Posts Tagged ‘Web 2.0’
Regular readers will know that I am passionate about this Web 2.0/Government 2.0 stuff. (I was speaking to the ACT/IAC 2008 Voyagers class today and I like to ask how people define Web 2.0/Government 2.0. The responses were ranged for collaboration to networking to Web-based… My definition is that Web 2.0 embraces the concept that all of us are better then each of us individually. Web 2.0 taps into the Internet and the Web tools that can really enable that collaborative theory.)
So Thursday at 2:30p ET on Federal News Radio 1500 AM and and online at FederalNewsRadio.com on our mid-day show, InDepth with Francis Rose, I am going to join Rose for a conversation with Anthony D. Williams, co-author of the book Wikinomics: How Mass Collaboration Changes Everything.
OMB is one of the backers of the Government 2.0 project.
My connection to the Government 2.0 project… and Williams bio after the break…
Read the rest of this entry »
OK — I have to admit that when I first saw Linda Cureton, now the chief information officer at the NASA Goddard Space Flight Center, I wasn’t that impressed. This was years ago, but she is now the reason that I just don’t trust first impressions. In her case, my first impression was just completely wrong. Cureton is a force in the government CIO community.
I have been increasingly impressed with Cureton over the years. In addition to being a passionate about her family — if you speak with her, you will her about her mother — but Cureton has grown into a strong and confident. She can occationally be controversial, but she is adept at building teams and consensus — and then presses forward with what she believes is the right decision. (Tomorrow, I will give you some addition insights about how Cureton has had a direct impact on the government IT community.)
Want an insight into her passion for her team. Read her most recent blog post:
Today, I attended the Robert H. Goddard Memorial Awards Ceremony. It honors the Goddard Space Flight Center workforce for their dedication to many vital areas, including leadership, management, science, engineering, mission support, and customer service.
The Management Award recognizes managers, supervisors, and organizational team leaders who, while providing day-to-day direction to work units, demonstrate through their management behavior, style, and approach, exceptional levels of achievement that creates a positive and productive work environment for their employees. GarciaBlount was recognized today for exemplary management and leadership qualities that make his Branch, Code 547, and Goddard, a technology leader in manufacturing support.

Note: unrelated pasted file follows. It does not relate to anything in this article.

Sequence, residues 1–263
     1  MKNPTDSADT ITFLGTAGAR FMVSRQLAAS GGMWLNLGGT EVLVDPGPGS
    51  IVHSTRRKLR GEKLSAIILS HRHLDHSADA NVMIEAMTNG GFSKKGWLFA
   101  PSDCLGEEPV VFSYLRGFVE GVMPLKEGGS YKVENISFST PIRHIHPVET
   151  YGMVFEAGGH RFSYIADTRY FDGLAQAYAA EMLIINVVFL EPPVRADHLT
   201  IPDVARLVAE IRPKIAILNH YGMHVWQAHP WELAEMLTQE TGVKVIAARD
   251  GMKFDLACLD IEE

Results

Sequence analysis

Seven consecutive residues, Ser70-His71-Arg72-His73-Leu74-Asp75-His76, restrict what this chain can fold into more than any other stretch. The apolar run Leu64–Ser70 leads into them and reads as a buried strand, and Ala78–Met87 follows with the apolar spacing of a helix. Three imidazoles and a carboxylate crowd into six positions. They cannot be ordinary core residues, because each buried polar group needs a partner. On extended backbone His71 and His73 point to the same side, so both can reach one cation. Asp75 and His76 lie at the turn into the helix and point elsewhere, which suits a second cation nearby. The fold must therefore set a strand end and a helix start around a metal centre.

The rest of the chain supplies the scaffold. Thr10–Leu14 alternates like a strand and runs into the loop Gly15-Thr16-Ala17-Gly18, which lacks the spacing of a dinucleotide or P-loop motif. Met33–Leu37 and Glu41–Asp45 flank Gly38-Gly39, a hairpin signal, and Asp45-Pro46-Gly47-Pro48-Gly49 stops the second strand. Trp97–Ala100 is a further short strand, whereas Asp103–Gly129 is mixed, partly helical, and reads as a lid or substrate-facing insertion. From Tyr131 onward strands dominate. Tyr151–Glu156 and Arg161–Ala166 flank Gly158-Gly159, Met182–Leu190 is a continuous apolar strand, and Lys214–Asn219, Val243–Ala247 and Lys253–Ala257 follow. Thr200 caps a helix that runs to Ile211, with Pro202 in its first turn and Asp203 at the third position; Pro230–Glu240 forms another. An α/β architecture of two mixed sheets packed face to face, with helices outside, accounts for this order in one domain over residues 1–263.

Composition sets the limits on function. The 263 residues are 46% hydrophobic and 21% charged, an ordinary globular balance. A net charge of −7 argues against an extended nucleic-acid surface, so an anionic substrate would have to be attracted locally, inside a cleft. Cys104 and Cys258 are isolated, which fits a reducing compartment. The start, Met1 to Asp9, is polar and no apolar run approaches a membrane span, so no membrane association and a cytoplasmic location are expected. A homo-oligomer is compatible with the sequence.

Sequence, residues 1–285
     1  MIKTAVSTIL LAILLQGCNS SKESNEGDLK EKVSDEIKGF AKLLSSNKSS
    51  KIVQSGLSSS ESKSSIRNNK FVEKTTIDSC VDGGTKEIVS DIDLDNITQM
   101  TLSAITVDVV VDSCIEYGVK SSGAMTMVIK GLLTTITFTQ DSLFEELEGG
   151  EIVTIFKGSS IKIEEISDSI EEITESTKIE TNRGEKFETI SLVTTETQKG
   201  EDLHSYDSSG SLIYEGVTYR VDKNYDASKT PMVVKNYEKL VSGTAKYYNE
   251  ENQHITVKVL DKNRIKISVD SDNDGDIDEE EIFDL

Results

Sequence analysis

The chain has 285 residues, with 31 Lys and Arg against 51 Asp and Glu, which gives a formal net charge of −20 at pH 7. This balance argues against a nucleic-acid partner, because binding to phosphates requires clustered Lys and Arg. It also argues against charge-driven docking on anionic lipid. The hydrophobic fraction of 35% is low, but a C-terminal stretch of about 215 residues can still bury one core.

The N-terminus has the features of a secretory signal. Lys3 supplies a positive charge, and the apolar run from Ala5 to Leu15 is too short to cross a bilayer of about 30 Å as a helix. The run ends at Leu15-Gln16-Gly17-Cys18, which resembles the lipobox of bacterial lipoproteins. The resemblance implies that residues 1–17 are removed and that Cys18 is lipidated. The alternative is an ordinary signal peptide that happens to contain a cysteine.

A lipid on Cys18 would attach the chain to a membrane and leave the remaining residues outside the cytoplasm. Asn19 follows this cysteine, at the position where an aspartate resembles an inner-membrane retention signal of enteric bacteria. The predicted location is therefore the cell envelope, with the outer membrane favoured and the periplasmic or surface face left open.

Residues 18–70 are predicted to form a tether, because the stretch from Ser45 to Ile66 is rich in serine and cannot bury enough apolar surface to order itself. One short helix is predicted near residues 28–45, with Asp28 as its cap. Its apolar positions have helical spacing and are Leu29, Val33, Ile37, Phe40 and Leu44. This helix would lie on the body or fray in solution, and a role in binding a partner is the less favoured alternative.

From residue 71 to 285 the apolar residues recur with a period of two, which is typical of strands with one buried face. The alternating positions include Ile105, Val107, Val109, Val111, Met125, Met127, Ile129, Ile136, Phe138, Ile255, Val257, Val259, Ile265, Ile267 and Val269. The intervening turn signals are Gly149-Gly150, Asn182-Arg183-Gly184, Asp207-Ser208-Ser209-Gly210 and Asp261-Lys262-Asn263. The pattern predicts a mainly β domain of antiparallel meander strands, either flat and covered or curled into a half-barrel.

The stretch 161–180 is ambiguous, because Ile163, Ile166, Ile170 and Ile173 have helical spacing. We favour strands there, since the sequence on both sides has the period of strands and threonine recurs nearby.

When his name was called, six people, obviously from his team, let out a tremendous and loud cheer that pierced my heart and touched my soul today. There were six sitting next to each other. They had to have come together, early in fact, to get adjacent seats in the crowded auditorium. They all had cameras, screaming and cheering as they called his name. Their excitement touched me. The frantic clicks of their cameras matched the tempo of what must have been their pounding of their hearts. And I heard it. I didn’t know Garcia, but I thought he must be one heck of a leader….
It has been really interesting to watch government implement Katrina’s lessons learned. By most accounts, federal, state and local agencies all did much better responding toGustov then they did with Katrina. [GSA deputy chief acquisition officer David Drabkin was on Federal News Radio’s Daily Debrief this afternoon talking about the acquisition aspects of hurricane preparedness (.mp3)… and Rear Admiral Dr. Craig Vanderwagen, Assistant Secretary for Preparedness and Response at the Department of Health and Human Services was on FED’s Morning Drive this morning talking about the work done (.mp3)]
Of course, everybody is watching the other storms swirling out there in the Atlantic. No rest for the weary.
But it was interesting to see the Gustav response largely because there have been all sorts of developments in technology in the last three years that enables people to get information in various ways.
First off, blogger Andy Carvin noted that the Homeland Security Department has created a “hurricane response widget” that people can put right on their Web sites. It provides links that people can use to get more information.
I foolishly thought it was one of the first government uses of widgets, but… far from it. The FBI has one… as does EPA… and even Rep. Max Thornberry (R-Texas). They aren’t publicized all that much, so I don’t know how much these widgets get used, but… what a great way of getting information out.
Carvin also has a fascinating post about all the online resources that are available out there for people to keep track of what is going on. For example, there is a Twitter site that used to be focused onGustof and has now been rebranded “StormWire.” It can be found at twitter.com/StormWire. (Unsure about what Twitter is? FCW did a primer on it last week on Twitter… and there is a Plain English guide on Twitter.)
See about the other named storm names here.